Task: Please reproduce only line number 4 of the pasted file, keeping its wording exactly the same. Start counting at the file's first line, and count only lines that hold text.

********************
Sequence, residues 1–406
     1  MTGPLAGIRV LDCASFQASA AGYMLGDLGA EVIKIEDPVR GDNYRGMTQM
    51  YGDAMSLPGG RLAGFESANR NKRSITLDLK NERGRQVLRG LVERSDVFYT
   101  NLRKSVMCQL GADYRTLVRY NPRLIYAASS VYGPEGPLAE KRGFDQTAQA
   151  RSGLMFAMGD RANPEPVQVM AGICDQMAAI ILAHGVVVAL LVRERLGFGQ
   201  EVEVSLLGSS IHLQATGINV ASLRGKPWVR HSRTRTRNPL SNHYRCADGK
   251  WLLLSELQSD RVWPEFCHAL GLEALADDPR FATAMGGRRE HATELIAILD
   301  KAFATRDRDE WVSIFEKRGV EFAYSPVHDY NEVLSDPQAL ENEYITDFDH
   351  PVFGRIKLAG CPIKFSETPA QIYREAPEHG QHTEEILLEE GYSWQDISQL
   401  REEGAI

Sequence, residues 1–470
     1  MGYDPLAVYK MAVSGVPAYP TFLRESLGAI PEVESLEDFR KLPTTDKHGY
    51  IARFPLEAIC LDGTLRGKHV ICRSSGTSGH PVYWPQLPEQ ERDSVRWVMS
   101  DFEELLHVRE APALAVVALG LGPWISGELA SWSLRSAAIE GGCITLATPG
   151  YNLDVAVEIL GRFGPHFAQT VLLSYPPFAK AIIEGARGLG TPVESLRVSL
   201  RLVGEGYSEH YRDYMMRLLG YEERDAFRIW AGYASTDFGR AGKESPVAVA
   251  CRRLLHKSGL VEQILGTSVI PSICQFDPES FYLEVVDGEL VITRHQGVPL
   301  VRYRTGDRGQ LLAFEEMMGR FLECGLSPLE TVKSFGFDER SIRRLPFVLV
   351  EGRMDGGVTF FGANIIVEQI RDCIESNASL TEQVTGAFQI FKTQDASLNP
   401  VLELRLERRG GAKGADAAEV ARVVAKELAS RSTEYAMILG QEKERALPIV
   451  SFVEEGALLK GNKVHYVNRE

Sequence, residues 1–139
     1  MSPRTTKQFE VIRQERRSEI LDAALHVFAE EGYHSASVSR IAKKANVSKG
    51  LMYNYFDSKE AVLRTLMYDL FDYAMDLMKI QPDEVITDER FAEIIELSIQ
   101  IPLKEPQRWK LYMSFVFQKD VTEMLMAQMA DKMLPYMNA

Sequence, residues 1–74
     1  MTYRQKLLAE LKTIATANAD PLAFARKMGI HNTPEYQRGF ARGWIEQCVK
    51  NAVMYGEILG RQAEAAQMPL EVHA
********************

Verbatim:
   101  NLRKSVMCQL GADYRTLVRY NPRLIYAASS VYGPEGPLAE KRGFDQTAQA